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Just yesterday I finally stopped ignoring the Middle East and looked up a few things. Like who is Shia and who is Sunni. And who has nukes and where. And what exactly an Islamist is. It was....a useful exercise. Anyone else out there taking an interest in this juncture of history? I'm ready to be educated.

It just seems to me, after one *ok a fraction of one* day of looking into it, that the majority Sunnis in most of the Middle East have been supremely frustrated trying to deal with their less conservative, more secular Shia neighbors. And it seems clear to me that America has at least attempted to enact a separation of church and state, even though those words do not appear in the constitution. It was in the First Amendment to the US Constitution that Congress was to "make no law respecting respecting an establishment of religion, or prohibiting the free exercise thereof". As wikipedia points out, lots of nations have this idea in their code, and there is a great range of shades of gray in its execution. Here in America we do fairly well, but nowhere near a perfect score. For one thing, the constitution has no control over the states and what local laws might be passed. Which may be how we have gigantic crosses along Interstate 5 in Washington State. Not so different from other places, where religion is supposed to guide personal and political life. Here we seem only able to elect Christian presidents. We like to think that we are above it, but we are surely not.

So I know I am rambling and I will call it quits. If you have an opinion about what is the crux of what is going on--in Syria, Turkey, Kurdistan, Iran, Iraq, Afghanistan, Saudi Arabia, Russia or any other involved party, feel free to comment and tell me! I'm building a mind map.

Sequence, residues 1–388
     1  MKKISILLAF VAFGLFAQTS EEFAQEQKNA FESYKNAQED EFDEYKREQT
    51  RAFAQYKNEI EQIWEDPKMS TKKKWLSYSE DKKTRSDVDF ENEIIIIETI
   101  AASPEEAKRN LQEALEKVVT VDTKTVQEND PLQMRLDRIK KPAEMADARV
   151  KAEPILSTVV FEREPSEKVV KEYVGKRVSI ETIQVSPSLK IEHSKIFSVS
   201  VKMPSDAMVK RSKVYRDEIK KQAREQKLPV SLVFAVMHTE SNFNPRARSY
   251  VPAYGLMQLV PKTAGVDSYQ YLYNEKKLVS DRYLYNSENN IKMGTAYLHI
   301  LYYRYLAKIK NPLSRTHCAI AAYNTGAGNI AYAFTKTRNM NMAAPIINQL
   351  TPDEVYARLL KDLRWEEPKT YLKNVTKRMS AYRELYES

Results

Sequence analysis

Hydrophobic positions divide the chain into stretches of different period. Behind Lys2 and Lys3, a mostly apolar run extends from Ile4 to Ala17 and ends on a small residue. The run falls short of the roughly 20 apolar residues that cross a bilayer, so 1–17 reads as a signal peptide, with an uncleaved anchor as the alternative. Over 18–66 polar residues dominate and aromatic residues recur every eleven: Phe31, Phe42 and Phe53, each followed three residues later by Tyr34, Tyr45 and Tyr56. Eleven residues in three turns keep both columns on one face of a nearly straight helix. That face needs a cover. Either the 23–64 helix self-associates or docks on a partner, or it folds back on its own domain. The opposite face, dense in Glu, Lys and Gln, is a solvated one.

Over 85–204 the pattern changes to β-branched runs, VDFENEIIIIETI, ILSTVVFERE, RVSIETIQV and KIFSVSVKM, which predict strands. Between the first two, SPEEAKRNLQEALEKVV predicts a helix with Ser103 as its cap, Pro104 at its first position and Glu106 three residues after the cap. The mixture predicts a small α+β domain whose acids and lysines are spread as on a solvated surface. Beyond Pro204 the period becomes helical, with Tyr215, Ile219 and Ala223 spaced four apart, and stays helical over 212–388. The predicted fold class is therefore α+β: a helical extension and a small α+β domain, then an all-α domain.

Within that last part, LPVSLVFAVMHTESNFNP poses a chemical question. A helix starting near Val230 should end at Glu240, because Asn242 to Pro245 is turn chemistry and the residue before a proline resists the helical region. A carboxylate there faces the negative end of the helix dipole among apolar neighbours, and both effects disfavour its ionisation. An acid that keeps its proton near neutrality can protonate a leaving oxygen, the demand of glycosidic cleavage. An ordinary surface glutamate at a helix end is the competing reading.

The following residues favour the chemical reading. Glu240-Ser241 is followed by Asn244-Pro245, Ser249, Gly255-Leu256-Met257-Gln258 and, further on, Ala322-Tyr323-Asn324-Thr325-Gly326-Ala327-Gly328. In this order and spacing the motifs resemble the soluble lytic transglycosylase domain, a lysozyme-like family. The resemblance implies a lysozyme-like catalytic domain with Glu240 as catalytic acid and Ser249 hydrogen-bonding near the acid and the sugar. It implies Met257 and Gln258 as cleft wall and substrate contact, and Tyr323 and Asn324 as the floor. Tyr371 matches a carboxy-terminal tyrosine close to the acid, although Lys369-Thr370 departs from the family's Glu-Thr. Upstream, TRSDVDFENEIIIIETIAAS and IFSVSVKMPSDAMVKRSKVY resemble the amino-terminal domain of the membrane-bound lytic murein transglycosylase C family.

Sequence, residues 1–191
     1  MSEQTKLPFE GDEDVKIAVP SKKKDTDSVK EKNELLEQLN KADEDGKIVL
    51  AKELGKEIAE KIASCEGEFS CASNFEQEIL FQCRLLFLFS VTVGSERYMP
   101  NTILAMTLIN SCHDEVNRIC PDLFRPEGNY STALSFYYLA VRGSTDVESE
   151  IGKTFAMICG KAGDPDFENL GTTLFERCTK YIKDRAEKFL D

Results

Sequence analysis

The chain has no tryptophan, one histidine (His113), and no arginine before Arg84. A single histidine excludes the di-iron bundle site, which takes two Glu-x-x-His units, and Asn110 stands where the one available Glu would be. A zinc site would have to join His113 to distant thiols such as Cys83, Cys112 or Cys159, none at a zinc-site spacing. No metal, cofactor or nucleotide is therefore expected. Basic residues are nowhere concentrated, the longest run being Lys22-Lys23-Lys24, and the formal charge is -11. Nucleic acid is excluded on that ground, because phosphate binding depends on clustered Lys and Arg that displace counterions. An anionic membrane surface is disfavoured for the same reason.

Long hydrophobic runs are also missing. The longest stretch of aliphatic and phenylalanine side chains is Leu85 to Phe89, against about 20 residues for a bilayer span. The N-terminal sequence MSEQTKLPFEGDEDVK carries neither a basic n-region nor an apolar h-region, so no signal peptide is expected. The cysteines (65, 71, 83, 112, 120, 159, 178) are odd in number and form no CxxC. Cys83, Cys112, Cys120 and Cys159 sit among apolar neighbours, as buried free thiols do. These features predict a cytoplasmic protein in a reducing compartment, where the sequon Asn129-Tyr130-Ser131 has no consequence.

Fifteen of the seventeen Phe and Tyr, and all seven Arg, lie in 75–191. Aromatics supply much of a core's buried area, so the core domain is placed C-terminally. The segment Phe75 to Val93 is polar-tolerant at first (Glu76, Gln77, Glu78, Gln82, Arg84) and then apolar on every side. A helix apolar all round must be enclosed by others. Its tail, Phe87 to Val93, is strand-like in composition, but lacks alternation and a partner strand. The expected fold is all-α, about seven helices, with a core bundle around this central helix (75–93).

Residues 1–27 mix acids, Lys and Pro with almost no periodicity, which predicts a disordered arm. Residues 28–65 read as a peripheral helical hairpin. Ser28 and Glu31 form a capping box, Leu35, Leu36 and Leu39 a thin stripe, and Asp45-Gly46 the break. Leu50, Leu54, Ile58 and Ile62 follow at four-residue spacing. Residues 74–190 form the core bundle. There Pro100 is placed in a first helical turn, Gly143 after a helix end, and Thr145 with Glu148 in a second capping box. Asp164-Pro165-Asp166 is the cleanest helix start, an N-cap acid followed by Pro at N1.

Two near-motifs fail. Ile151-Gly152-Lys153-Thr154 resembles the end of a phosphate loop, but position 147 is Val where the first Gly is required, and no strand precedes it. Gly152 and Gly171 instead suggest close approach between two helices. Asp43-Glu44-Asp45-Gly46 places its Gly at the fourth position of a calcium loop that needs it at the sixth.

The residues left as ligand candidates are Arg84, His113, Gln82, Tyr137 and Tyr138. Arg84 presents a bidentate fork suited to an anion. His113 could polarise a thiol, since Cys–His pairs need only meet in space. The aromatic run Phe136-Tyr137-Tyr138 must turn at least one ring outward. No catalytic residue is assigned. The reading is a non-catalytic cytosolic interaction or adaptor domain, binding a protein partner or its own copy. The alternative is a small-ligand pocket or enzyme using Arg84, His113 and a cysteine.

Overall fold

**Created Syria tag.


( 8 comments — Leave a comment )
Jun. 5th, 2013 03:24 pm (UTC)
Not really. Thing is, the Sunnis and the Shia are both religious to similar levels. For instance, I don't think that Shia Iran is particularly more liberal than Sunni Saudi Arabia. Both sects have significant numbers of terrorist organizations that pay allegiance to them. And the mainstream Muslims generally support the terrorist organization that is of their sect (Muslims in Iran support Hezbollah, Muslims in Saudi support Al Qaeda).

The tea party itself has *nothing* to do with religion. It is a *purely* a small government advocacy organization. It so happens that there is overlap between the religious groups in the US and those that object to massive taxation and spending, but it's not part of the tea party position.

As for turkey, Islamism, etcetera, those ALSO have nothing to do with sect. Islamists come from both Sunni and Shia. The primary characteristic of Islamism is a desire to institute a global caliphate, which means governing every nation under Sharia law. The Sunni and the Shia have some very minor disagreements regarding what that means. But there are no differences as mean-spirited as minor differences.

Turkey is a fairly secular country due to widespread exposure to European liberal democracies, but is being governed by an increasingly Islamist government. Partly due to demographic shifts, and partly due to baksheesh from oil rich Islamist nations. Many in the populace dislike that trend, so we get riots.
Jun. 5th, 2013 09:27 pm (UTC)
Thanks for replying! Our ignorance is reversible.